Organizational assessments are an important strategic tool when prepared and implemented thoughtfully. Whether you are conducting an Organizational assessment to evaluate how well you are performing against your strategic goals or the organization’s readiness to begin the process of achieving against those goals it is important to keep a few things in mind:
- Tie your questions to your goals
When you review your assessment scores as a whole you may mistakenly see a score of 80% as within range and therefore a positive outcome. What could be overlooked is an area scoring near zero where the organization is under-performing and has tremendous room for improvement. Depending on the Strategic goals of an organization it may be meaningful to look at questions in areas such as Senior Leadership, Management, Team Dynamics, Innovation, Gratitude, and Organizational Agility.
For instance, if you are measuring the gratitude of your employees you will want to tie those questions to that performance goal. Gratitude is an important measure to include because when this indicator scores high you typically see a positive corporate culture, job satisfaction, decreased turnover, and reduced absenteeism. The inverse is true where gratitude measures poorly.
Diversity is possibly the biggest buzzword in corporations in 2017. However, few companies are succeeding in this area. I recently read about a company that underwent a tremendous overhaul to improve the diversity of its workforce. Increasing diversity within the organization had been a long term strategic goal. To achieve this important initiative, they brought in consulting teams to educate the staff on diversity, hired a Diversity Director, and changed their recruitment process to attract more diverse applicants. What they didn’t do?
They did not reach out to the minority groups represented within the organization at the start to understand what the Organization was doing right and what they were doing wrong to be inclusive. Instead, leadership presumed they knew how their employees felt and assumed everything was ok.
It turns out when leadership finally did ask the question, they were shocked to learn many employees were not satisfied with the steps the organization was taking to be inclusive. Lessons learned from this?
You want your employees to be evangelists for your organization, especially the employees that represent the population you are trying to reach. If you have a goal to increase diversity make sure you are keeping your ear to the ground to those folks that represent the group you are trying to reach.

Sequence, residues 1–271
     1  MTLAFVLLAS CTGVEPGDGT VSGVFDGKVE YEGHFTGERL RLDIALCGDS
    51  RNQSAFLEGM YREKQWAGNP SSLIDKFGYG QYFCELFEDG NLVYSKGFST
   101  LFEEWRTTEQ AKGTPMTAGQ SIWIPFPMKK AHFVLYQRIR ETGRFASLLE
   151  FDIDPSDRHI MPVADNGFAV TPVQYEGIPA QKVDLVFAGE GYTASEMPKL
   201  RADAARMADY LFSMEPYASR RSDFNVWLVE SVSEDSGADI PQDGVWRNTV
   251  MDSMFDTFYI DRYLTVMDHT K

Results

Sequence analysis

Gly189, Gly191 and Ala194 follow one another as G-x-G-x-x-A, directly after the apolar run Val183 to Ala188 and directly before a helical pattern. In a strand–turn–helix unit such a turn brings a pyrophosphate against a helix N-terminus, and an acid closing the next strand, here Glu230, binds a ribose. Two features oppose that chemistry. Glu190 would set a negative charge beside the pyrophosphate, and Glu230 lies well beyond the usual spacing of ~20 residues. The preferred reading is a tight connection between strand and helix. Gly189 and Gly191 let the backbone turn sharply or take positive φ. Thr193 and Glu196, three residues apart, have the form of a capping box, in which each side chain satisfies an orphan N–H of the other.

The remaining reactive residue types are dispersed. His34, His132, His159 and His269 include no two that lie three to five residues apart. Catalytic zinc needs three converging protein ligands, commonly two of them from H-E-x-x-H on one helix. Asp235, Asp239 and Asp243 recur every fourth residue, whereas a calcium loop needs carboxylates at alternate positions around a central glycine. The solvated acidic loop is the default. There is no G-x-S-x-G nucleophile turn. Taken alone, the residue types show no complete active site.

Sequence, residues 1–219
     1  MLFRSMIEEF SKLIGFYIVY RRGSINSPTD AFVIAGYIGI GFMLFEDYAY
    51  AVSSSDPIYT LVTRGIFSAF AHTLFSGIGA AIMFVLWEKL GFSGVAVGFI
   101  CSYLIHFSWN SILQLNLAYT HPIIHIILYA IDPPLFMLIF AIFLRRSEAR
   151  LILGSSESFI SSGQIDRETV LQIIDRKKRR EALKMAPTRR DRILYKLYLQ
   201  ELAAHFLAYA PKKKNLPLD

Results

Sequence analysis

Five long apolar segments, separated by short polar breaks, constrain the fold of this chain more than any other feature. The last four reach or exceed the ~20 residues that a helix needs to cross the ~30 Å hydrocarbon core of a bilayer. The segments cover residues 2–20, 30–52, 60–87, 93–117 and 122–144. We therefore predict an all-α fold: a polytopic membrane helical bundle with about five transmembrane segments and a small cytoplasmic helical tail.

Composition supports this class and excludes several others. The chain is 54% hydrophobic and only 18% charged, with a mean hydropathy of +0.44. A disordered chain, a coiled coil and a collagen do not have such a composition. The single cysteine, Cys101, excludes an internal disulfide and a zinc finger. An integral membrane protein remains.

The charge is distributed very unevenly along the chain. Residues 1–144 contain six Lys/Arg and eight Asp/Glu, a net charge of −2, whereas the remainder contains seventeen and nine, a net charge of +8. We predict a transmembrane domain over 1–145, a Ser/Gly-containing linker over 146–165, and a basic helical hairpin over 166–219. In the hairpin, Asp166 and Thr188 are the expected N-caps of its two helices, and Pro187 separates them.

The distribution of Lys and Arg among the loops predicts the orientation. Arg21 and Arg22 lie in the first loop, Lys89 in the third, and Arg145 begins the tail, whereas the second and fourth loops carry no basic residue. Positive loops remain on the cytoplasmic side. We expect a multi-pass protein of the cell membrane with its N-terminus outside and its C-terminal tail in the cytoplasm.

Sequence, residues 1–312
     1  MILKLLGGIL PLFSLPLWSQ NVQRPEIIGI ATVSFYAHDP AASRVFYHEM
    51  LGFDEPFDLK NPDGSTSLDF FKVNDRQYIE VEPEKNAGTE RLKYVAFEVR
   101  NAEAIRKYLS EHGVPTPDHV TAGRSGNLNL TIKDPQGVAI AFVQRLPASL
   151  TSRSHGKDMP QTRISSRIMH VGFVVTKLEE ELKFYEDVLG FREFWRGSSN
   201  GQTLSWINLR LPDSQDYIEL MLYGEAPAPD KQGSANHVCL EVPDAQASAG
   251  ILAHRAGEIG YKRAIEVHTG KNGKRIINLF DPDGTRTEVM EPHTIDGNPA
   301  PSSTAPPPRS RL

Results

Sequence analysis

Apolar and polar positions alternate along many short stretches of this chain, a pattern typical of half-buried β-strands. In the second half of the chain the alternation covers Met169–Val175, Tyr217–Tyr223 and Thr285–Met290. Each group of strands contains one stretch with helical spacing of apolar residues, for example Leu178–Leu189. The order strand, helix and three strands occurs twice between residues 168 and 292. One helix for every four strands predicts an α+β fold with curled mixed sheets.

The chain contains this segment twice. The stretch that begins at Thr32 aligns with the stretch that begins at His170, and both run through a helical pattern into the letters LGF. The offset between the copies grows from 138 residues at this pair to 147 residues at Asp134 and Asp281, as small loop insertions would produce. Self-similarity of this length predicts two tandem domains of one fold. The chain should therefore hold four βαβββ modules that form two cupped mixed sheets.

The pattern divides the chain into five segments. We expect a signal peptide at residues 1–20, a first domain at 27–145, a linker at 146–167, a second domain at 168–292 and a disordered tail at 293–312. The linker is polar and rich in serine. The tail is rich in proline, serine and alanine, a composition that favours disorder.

- Even Selection Choices
This may seem like a no brainer but is often overlooked. Some employees are happy to answer all questions with the middle of the road option (for example 3) when given odd-numbered answer sets such as 1-5. By providing even answer sets (for example 4 options) you force team members to pick a side and get increased clarity on the item you are trying to measure.
At best organizational assessments allow you to focus on where you need to improve and boast about what you are doing well. At worst they ruin team morale by failing to communicate results to all employees. Remember your ability to communicate results timely is an indicator of your organizational agility. If you are humbled by some of the results, communicate that as well. Your team will welcome the transparency and want to help turn it around. Your integrity is on the line so don’t hold back. Transparent communication is key to building and keeping a positive culture.
Lastly don’t forget to do it all over again and again. Keep the conversation going. Assessments are valuable tools not a means to an end. Refine, redo and keep adjusting as needed. Good luck and if you need help Clinton Street is always here to assist.
Need help creating an Organizational assessment? Email: MicheleLeedom@ClintonStreet.Consulting.
Want to learn more about what we do? Visit us at https://clintonstreet.consulting
Michele is passionate about connecting people, developing business strategies and leading people and organizations through change. Michele’s career began in the healthcare industry where she held several financial leadership roles. She now works as an Executive Consultant where she enjoys partnering with organizations to assist in their strategic planning, team building and executive coaching. With intellectual curiosity, humor and deep empathy, Michele nurtures, inspires, and empowers teams to rethink the way they do things so they can fulfill their greatest potential.